Neurotrophin receptors on the surface of neurons are potent regulators of signaling networks that determine whether a neuron or its synapse survives or degenerates. These same signaling networks are affected in Alzheimer’s disease and other neurological disorders. The Longo and Massa Laboratories at UCSF and UNC, with funding from the Alzheimer's Drug Discovery Foundation (ADDF), Alzheimer's Association and NIH pioneered the development of compounds that bind to these receptors to prevent degenerative and promote regenerative signaling. Compounds have been developed that target the p75 or TrkB receptors individually and those that target the TrkB/TrkC receptors combined. PTX has the exclusive license to these compounds and has developed these and others in the commercial context including the establishment of extensive intellectual property. Through a combination of licensed patents and novel chemistry executed by PTX, the company has two development programs: p75 receptor program and Trk ligand program.
Compounds modulating p75 have shown efficacy in mouse models of Alzheimer’s and Huntington’s diseases, frontotemporal dementia, diabetic retinopathy, spinal cord injury, traumatic brain injury, chemotherapy-induced neuropathy and bladder dysfunction.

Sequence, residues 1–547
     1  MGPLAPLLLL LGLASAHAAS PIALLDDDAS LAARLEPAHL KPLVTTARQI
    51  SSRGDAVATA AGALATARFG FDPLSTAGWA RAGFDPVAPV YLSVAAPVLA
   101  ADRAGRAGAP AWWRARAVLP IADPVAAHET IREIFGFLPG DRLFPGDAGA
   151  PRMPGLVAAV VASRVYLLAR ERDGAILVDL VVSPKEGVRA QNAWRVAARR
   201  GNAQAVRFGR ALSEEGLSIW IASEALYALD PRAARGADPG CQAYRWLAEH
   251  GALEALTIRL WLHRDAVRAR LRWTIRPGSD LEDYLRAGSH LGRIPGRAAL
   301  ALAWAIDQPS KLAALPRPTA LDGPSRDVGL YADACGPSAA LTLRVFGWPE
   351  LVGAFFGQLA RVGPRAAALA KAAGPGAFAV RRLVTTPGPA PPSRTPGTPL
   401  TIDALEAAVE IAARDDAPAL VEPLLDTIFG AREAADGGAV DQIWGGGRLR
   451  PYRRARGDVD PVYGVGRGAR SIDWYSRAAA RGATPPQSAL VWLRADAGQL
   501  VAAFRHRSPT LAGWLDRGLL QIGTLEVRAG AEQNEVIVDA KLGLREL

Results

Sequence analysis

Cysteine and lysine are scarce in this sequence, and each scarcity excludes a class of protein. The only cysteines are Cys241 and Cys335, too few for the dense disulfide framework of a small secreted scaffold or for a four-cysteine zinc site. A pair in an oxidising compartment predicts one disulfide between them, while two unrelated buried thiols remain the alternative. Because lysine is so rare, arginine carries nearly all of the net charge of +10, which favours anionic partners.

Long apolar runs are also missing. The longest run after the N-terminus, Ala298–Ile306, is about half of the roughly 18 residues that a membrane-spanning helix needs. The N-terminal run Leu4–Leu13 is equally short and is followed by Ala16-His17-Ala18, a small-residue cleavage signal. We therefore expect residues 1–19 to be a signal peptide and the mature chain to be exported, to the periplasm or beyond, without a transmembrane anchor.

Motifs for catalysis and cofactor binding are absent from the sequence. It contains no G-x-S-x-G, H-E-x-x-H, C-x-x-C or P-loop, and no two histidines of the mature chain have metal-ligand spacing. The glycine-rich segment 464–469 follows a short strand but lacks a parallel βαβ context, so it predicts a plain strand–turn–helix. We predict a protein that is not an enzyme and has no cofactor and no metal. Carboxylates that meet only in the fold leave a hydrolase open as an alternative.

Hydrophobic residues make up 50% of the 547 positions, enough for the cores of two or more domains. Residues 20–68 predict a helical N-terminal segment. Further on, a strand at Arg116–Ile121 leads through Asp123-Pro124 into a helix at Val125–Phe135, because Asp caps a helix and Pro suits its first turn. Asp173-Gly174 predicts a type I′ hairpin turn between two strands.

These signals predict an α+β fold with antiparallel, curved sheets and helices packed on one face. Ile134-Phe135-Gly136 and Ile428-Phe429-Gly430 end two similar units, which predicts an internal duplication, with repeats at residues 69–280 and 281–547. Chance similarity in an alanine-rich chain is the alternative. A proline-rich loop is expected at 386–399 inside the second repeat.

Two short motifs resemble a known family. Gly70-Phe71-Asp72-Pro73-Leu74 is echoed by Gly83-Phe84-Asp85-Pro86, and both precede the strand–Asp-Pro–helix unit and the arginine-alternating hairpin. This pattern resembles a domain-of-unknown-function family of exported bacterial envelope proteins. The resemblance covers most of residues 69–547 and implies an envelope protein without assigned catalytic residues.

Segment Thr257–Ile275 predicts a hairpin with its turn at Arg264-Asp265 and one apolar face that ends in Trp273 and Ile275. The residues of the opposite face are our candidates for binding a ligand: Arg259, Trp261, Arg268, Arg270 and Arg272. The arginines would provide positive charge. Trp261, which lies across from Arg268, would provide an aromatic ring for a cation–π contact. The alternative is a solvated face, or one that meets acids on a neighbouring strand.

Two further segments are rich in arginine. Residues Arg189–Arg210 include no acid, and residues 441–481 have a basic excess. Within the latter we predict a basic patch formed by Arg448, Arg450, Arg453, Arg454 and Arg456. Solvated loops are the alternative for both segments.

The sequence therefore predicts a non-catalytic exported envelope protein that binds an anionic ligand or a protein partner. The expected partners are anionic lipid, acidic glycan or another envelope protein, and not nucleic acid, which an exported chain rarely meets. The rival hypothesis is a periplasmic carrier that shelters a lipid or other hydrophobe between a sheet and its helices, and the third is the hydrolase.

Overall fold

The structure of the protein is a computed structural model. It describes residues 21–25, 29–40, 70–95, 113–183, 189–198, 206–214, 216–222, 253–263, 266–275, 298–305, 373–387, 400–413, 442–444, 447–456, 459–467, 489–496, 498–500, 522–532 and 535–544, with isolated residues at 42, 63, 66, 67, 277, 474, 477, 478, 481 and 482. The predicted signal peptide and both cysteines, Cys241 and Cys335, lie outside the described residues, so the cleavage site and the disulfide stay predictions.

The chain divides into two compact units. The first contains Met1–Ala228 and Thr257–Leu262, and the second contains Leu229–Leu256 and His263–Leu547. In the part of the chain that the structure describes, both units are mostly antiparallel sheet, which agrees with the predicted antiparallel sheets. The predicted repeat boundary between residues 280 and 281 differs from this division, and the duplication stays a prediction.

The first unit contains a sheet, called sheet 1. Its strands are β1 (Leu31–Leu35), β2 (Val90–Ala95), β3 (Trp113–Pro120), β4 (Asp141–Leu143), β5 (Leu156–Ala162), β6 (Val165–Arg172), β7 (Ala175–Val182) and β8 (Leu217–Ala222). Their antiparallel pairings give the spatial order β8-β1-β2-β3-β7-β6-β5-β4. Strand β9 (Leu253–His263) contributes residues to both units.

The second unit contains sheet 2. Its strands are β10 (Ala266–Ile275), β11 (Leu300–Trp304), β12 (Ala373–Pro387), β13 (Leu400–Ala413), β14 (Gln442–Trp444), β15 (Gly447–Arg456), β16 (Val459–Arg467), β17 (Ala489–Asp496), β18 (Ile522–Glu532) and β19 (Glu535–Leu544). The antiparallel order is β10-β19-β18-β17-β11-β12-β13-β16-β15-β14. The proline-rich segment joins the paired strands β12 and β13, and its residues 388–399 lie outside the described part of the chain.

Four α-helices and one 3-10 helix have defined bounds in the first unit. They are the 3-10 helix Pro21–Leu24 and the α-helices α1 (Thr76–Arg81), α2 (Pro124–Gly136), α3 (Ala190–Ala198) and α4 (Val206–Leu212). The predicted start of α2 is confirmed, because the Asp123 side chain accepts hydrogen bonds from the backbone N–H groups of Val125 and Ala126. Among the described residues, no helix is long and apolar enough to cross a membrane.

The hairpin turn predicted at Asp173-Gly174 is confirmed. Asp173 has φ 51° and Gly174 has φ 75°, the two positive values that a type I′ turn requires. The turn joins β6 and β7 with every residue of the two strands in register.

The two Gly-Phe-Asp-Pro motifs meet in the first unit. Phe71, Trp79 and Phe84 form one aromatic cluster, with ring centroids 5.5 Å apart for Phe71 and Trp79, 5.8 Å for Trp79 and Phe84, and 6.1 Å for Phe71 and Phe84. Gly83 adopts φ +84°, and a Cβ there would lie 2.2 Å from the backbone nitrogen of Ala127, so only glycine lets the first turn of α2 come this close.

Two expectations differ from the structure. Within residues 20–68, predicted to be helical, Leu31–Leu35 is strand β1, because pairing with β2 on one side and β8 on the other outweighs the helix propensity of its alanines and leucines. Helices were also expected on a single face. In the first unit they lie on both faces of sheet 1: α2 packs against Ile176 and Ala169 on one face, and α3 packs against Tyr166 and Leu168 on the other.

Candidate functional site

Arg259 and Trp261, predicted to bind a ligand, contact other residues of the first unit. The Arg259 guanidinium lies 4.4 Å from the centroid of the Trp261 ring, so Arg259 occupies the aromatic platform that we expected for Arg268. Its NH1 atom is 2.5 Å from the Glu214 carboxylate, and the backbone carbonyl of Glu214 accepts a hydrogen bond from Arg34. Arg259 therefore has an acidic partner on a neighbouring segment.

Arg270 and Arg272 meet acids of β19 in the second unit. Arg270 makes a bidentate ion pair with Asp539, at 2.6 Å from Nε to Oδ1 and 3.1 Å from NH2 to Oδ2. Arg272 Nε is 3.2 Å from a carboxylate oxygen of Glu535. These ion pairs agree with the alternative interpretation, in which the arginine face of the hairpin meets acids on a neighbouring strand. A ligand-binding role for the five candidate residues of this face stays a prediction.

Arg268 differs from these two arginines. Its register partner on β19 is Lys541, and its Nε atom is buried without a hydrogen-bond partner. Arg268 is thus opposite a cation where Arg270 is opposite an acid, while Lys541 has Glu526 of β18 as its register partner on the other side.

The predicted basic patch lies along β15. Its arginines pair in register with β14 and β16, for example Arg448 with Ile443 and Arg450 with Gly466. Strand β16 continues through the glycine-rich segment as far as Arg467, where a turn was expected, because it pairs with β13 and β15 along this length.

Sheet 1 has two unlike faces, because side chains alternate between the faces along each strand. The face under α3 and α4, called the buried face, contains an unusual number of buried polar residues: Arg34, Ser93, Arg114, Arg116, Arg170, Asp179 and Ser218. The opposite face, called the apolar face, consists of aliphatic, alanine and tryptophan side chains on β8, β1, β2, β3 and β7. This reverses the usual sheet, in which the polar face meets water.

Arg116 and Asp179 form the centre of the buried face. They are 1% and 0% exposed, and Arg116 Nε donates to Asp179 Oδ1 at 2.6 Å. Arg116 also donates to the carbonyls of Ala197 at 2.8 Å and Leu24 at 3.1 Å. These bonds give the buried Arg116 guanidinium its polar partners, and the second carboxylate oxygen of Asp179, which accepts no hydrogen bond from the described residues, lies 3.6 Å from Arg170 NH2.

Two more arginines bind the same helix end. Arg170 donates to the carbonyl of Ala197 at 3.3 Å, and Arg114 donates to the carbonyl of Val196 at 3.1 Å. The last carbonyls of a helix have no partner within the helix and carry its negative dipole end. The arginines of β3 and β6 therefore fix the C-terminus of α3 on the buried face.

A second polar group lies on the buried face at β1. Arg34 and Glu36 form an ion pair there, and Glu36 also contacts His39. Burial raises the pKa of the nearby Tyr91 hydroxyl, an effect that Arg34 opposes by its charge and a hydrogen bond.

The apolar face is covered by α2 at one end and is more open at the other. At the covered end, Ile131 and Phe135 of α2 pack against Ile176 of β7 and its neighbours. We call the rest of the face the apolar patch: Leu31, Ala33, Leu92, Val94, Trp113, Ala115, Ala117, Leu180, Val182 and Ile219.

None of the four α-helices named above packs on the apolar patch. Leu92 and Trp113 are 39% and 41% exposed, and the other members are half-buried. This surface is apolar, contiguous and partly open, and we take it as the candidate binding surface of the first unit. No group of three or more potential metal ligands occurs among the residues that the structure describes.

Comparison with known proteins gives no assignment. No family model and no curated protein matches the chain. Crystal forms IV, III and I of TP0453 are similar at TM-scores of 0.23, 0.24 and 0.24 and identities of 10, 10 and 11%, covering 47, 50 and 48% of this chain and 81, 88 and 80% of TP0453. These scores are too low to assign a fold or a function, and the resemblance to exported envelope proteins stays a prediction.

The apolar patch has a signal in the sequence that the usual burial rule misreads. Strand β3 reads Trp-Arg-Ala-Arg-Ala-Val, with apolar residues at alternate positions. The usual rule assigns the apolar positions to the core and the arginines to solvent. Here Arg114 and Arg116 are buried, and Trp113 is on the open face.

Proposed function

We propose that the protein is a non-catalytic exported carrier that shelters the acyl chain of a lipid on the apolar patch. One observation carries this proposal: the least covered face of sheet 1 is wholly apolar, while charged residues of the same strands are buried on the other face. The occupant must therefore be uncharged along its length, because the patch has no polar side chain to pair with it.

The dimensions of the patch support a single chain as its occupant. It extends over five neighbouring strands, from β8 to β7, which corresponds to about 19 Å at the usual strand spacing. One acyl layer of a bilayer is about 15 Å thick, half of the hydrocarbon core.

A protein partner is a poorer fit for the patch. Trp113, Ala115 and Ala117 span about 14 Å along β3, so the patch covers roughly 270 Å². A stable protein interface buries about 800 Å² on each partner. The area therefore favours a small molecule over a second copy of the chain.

Compounds activating TrkB have shown efficacy in mouse models of Alzheimer’s and Huntington's diseases, Rett syndrome, fragile x syndrome, post-traumatic epilepsy, stroke rehabilitation, multiple sclerosis, anterior-ischemic-optic neuropathy and traumatic brain injury.
Compounds activating TrkB and TrkC have shown improved outcomes in mouse models of Alzheimer's and Parkinson's diseases and in Charcot-Marie-Tooth disease, the most common form of inherited peripheral neuropathy.